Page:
The fabric is a lovely plaid that I got for dirt cheap ($1 a yard!) a while back. I, of course, have a sizeable stash of white fabric, but since I was making this dress very quickly I didn't want to dip into my strategic muslin reserves.
I cut an 1860's bodice and sleeves out of the fabric before giving up on making it before Gettysburg. And yes, after making the entire 1812 gown I still have enough for an 1860's sheer!
This was also the first gown that I draped on myself. I'm decently satisfied with how it turned out. I think I need to change the placement of the gathers if I make it again.
My first adventure in bodice draping! I literally threw muslin on myself and fiddled with it until it looked ok.
I began on the gown on Friday evening after class, worked on it all weekend, through the next week (and midterms!) and finally finished it at 3 AM on Friday morning. I think it turned out pretty well for a 1-week dress, although I am tempted to do a bit of alteration on the ruffle. That's what happens when you decide to put one on at midnight the night before your presentation!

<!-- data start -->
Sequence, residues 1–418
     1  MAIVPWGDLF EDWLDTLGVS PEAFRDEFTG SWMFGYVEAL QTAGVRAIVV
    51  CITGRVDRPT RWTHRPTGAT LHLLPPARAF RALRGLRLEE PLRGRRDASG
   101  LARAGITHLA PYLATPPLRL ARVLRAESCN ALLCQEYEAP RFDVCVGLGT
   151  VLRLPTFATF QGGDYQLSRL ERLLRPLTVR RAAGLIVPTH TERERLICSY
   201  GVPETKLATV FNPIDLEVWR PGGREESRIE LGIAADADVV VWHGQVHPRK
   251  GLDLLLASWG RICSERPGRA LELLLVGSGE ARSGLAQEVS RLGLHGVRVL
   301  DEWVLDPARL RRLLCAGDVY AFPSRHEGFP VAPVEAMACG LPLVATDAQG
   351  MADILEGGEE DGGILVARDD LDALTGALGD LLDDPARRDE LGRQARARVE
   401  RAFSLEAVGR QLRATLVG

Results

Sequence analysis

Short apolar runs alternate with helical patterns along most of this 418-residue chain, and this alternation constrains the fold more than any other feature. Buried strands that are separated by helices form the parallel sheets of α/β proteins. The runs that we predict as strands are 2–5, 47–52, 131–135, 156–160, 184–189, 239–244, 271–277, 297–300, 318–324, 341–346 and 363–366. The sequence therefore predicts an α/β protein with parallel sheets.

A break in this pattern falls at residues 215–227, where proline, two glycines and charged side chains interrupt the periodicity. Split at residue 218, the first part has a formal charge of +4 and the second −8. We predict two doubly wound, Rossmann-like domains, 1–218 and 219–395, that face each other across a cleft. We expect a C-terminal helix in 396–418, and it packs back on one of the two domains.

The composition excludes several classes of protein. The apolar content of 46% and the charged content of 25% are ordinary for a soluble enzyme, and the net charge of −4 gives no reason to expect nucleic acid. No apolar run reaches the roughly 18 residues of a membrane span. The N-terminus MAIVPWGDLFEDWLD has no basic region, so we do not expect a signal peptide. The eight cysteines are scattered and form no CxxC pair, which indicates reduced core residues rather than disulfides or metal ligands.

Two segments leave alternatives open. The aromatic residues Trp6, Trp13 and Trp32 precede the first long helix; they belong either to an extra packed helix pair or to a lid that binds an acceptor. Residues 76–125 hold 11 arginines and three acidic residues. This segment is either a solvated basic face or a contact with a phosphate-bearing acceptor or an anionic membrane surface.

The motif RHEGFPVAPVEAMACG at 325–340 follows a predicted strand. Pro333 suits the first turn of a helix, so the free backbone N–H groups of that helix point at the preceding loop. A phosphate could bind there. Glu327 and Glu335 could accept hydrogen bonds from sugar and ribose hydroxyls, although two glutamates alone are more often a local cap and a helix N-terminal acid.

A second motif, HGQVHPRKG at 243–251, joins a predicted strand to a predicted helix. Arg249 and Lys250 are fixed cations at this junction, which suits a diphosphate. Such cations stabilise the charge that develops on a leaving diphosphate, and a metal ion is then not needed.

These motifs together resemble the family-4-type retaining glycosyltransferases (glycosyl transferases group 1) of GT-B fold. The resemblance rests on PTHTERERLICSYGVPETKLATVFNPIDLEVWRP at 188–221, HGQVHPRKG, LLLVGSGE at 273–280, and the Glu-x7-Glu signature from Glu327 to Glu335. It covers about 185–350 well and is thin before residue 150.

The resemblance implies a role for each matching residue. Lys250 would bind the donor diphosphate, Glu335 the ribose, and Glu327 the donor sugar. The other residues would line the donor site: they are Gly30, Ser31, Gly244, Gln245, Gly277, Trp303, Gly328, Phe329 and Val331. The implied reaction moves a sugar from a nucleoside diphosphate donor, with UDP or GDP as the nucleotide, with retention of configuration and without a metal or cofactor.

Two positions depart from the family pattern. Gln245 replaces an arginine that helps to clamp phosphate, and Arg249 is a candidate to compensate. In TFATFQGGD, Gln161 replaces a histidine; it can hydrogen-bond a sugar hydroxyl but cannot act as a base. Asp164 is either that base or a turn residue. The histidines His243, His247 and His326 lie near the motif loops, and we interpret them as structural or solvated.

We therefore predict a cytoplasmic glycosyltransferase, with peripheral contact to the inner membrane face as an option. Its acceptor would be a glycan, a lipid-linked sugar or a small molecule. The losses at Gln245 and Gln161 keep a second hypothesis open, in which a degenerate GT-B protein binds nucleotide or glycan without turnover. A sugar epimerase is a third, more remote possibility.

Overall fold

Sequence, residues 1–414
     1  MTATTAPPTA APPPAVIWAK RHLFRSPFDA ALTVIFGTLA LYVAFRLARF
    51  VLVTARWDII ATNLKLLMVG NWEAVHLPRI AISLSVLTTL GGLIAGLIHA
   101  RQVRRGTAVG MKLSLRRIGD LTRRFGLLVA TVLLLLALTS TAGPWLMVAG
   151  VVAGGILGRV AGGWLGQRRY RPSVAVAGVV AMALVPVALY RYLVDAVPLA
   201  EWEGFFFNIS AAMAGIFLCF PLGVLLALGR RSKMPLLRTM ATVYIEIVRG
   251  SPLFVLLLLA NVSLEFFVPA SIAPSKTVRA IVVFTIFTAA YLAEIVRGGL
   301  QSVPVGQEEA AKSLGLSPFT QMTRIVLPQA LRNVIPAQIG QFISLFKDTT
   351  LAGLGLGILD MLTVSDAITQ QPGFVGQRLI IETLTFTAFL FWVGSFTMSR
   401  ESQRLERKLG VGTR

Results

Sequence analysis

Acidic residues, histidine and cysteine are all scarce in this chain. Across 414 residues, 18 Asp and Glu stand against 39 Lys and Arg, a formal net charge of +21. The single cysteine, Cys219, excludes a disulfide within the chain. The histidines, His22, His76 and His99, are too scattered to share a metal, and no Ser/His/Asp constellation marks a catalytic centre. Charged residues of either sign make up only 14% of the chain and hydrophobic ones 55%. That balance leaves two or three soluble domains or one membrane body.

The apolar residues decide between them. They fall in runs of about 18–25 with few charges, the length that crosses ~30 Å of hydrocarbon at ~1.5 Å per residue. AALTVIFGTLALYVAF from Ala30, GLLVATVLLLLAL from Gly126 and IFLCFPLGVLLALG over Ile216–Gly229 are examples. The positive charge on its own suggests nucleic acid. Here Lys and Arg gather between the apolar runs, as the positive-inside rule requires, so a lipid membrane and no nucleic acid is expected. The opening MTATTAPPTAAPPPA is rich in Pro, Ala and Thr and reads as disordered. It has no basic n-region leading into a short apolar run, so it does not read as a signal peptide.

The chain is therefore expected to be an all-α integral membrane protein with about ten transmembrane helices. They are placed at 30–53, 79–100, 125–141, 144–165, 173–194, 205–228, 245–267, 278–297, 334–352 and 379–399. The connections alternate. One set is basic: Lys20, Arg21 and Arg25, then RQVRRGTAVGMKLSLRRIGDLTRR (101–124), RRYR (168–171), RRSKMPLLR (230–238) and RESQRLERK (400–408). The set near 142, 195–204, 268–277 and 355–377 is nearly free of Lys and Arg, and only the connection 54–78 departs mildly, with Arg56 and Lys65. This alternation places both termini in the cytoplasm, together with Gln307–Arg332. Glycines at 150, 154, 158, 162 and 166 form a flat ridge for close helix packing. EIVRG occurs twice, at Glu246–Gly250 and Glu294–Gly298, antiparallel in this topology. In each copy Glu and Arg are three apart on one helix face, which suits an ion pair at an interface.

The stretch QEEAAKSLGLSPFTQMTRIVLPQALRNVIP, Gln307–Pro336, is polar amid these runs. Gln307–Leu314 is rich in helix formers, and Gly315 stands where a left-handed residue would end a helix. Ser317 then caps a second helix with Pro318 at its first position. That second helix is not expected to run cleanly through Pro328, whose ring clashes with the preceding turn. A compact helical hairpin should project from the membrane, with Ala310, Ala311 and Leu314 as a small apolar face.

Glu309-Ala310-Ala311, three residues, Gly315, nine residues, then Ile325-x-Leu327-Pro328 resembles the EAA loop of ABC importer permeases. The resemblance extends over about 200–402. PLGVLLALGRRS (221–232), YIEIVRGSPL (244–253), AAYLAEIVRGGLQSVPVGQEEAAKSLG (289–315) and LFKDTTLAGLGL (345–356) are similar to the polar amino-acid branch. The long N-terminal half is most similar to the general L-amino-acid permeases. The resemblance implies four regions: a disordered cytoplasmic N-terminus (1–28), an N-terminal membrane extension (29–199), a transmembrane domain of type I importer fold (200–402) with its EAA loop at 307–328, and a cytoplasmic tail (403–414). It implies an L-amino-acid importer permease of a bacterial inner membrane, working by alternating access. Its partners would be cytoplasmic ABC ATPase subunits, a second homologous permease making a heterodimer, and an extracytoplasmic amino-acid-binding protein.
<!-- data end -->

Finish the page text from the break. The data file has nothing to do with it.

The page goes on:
The day of the presentation I accessorized with my bonnet and a pair of vintage gloves. Another warning against 3 AM ruffle sewing--look at the bottom of my gown. See how it is bunched up? Yeah. I didn't notice that until looking at these pictures. Le sigh.
All things considered, it was a fun experience. Here are a few more pictures of me in the gown (my apologies for it being a bit wrinkled)
The Challenge: #5: Bodice
Fabric: A few yards of plaid 100% cotton lawn, lined in cotton muslin
Pattern: my own
Notions: Three hooks, some cord for the ruffle, and polyester thread
How historically accurate is it?: All in all I'd say 60% since the bodice is flatlined, most interior seams are sewn by machine, and the specific plaid pattern is debatable.
First worn: For a presentation for my Jane Austen class
Total cost: Less than 10$!
Also, if you're interested, my friend Sabine at Kleiding um 1800 reproduced the same gown. Go check it out!